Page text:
Tuesday, July 23, 2024
AnalysisMLBNational LeagueNL CentralSt. Louis Cardinals

The Need for Nolan Arenado

Credit: Chris Humphreys-USA TODAY Sports

The past couple of weeks have most likely seen thousands of Cardinal fans check Twitter every thirty minutes in hopes of seeing the headline: Cardinals and Rockies in final stages of Arenado trade. However, the rumors of a potential Arenado trade have left some Redbirds fans skeptical, most likely wondering if the haul that would be sent to Denver would be worth it, or if Arenado could perform offensively outside of Coors Field. If you are one of these fans, this article is going to attempt to put your mind at ease and convince you why a Nolan Arenado trade should be priority number 1.

Side note: In this article, I will focus on Arenado’s offensive statistics. Even a casual baseball fan knows that Arenado is arguably the best defensive third basemen in MLB and his seven Gold Gloves and three Platinum Gloves speak for that.

The Coors Effect

With Larry Walker making his Hall-of-Fame push this year, baseball fans have been debating over how valuable a Rockies all-star actually is. The same debate is being had over Arenado, with fans wondering how his stats would look with a home ballpark not named Coors Field. Most people when they attempt to analyze Arenado’s value outside of Coors, go to Baseball-Reference and click home/away splits, Arenado’s away slash for his career is .265/.323/.473 with an OPS of. 799, which is…. above average, however, that is far from the full picture. Since his first All-Star selection in 2015, Arenado’s away slash is .269/.333/.506 with an .838 OPS. In 2019 his road OPS was .866, in 2018 it was .869. At Busch Stadium, Arenado’s slash in 98 PA is .278./337/.511 with an OPS of .848 and a BABIP of .294. For reference, his BABIP at Coors is .327. Using his performance at Busch has a baseline, let’s dive into the impact his bat would have at third base for the Cardinals.

The St. Louis Blues With Matt Carpenter

With the acquisition of Goldschmidt, the question mark around third base was, on paper, answered. Goldy at first and Matt Carpenter can play the season full time at third. With Carpenter coming off his best season yet where he came in top-ten in MVP voting and had a monstrous June/ July, the pieces were there. However, the plans went up in flames. 2019 was Matt Carpenter’s worst season to date, slashing .226/.334/.392 with an OPS of .726. Most fans are praying this was a fluke year and 2020 would prove to be a bounceback year for Carp, but the statistics tell a different tale. Carpenter is far from his 2013 self. Since 2016 Carpenter’s slash is .243/.367/.462 with a .828 OPS. On paper that is not too terrible in itself, however, those stats are inflated by his 2018 campaign, more specifically the June and July of 2018 where his OPS was 1.048 in June and 1.222 in July. Carpenters OPS in April/March and September/October? .579 and .558. The writing is on the wall for Carpenter, and his tenure at third base needs to be ended.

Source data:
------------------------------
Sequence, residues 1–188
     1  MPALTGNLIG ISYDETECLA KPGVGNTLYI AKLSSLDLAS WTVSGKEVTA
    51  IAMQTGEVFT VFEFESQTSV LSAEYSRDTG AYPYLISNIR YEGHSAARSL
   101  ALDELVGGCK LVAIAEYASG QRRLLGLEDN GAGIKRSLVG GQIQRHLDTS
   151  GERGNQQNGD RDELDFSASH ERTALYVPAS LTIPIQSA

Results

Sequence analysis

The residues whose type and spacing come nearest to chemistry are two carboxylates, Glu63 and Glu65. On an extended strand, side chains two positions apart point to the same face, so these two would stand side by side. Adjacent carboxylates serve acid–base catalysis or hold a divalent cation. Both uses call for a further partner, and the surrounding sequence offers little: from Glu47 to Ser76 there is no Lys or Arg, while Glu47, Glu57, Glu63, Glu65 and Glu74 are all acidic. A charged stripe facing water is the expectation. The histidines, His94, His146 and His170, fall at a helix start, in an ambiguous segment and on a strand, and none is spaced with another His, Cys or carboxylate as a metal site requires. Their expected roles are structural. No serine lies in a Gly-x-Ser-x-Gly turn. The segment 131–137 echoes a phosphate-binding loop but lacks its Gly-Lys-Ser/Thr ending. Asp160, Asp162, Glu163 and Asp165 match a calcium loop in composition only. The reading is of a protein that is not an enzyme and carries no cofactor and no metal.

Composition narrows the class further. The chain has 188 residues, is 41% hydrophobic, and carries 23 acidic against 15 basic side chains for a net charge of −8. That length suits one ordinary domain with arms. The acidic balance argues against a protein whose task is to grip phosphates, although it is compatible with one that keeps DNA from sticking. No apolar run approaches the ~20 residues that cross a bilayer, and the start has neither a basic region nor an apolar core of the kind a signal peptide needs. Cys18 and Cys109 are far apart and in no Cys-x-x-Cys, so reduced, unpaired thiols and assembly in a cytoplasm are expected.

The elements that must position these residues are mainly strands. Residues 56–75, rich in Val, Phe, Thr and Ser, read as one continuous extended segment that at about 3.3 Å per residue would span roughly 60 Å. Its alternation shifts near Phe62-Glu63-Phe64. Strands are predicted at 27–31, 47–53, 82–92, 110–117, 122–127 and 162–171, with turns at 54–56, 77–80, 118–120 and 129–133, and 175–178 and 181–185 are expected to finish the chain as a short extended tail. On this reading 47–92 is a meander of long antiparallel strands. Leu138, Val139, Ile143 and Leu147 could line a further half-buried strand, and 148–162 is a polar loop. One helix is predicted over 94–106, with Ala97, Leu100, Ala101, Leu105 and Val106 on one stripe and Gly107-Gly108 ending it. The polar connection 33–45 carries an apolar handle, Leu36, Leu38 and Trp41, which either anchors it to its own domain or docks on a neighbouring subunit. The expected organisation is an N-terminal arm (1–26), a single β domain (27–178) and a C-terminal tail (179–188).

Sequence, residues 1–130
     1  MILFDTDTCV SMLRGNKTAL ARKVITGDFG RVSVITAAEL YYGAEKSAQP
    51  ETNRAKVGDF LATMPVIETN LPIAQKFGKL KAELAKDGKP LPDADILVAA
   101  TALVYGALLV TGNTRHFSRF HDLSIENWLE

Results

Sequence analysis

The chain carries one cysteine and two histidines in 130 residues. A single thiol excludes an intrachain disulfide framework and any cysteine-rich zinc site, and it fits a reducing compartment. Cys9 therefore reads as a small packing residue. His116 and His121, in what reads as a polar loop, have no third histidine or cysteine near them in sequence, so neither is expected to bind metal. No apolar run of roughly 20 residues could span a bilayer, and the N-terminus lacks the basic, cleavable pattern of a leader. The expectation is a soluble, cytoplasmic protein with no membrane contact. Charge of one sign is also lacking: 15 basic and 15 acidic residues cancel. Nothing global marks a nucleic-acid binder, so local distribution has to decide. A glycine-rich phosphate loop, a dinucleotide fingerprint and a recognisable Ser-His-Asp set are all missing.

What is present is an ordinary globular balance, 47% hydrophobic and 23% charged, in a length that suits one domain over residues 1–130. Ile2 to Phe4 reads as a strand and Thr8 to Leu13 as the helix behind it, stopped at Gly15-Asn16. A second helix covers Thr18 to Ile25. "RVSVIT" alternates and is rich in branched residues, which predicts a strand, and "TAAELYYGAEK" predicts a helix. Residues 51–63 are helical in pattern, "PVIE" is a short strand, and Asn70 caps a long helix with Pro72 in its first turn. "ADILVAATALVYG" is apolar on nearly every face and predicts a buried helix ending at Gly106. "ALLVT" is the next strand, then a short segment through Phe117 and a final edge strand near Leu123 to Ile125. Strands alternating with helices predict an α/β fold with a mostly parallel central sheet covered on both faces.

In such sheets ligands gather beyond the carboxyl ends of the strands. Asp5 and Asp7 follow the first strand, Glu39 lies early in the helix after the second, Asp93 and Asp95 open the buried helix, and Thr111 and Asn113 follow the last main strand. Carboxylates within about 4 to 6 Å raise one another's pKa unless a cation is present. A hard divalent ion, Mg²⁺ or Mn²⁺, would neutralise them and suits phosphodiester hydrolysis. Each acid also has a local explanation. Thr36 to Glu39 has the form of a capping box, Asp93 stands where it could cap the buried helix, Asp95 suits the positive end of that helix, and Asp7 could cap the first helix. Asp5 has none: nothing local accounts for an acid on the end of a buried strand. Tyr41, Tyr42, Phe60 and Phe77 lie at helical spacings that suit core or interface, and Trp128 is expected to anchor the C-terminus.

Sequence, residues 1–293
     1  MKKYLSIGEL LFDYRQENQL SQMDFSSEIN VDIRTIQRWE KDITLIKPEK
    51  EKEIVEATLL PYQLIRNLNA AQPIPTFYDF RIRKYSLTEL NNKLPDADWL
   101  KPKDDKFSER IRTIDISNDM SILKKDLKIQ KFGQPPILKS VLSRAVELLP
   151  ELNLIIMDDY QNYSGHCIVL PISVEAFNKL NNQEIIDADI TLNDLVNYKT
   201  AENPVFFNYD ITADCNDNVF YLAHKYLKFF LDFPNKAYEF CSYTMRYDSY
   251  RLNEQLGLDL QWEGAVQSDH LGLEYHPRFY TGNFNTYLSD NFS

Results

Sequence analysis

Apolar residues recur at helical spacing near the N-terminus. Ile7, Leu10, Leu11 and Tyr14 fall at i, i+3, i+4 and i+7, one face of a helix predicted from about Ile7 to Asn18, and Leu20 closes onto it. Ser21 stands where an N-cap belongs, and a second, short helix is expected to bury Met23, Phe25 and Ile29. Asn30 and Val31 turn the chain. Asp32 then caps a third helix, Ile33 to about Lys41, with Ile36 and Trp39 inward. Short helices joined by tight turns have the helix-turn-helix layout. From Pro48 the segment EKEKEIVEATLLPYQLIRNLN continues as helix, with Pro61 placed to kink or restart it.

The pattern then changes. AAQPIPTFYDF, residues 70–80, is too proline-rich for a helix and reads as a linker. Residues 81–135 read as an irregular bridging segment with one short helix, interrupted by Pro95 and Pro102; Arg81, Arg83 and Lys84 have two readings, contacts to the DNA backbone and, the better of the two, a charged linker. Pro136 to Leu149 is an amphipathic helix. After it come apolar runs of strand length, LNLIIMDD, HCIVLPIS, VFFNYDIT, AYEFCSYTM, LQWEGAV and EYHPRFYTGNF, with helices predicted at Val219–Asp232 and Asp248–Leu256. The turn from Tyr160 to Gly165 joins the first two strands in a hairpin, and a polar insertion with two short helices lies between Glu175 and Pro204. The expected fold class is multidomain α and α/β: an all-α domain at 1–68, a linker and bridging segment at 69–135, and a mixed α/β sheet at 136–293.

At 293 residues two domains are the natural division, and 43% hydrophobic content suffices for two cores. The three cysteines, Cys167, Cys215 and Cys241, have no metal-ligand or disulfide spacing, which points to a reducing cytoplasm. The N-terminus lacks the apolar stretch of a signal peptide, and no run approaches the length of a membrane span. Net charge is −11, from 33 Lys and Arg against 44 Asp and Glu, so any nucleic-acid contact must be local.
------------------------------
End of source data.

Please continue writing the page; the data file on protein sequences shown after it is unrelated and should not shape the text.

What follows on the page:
Conclusion

A trade for Arenado would not be the quick-fix solution for the Cardinals going forward in 2020. There are still question marks surrounding the outfield, rotation, and bullpen. It is also worth noting that the Rockies may not even be truly interested in dealing their superstar and are simply testing the waters. Most Cardinals fans, including myself, are wanting to see the front office put forth the effort, whether it pans out or not. With names like Rendon and Donaldson off the board, Cardinal fans are anxious about the lack of effort put forth in improving the lineup. But, the possibility of having Arenado wearing the birds on the bat for the foreseeable future is a huge step toward raising the 12th banner over St. Louis.

References:

All statistics were gathered from https://www.baseball-reference.com/

Stat Cheatsheet:

Slash line– Batting Average/On-base percentage/ Slugging percentage

OPS – On base% + Slugging%

BAbip– Per Fangraphs.com “Batting Average on Balls In Play (BABIP) measures how often a ball in play goes for a hit. A ball is “in play” when the plate appearance ends in something other than a strikeout, walk, hit batter, catcher’s interference, sacrifice bunt, or home run.”

Drake McGrew

My name is Drake McGrew, I am 22 years old, I have a Bachelors degree from Arkansas State Universty in History with a minor in Poli Sci . I have been a fan of the Cardinals since I was eight years old and my love for the game has continued to grow ever since. I have traveled to 14 MLB stadiums and have attended two postseason games. Baseball aside, my hobbies include hiking, traveling, playing video games, and listening to copious amounts of Bob Dylan. I can best be summed up by my life motto, Peace, Love, and Baseball.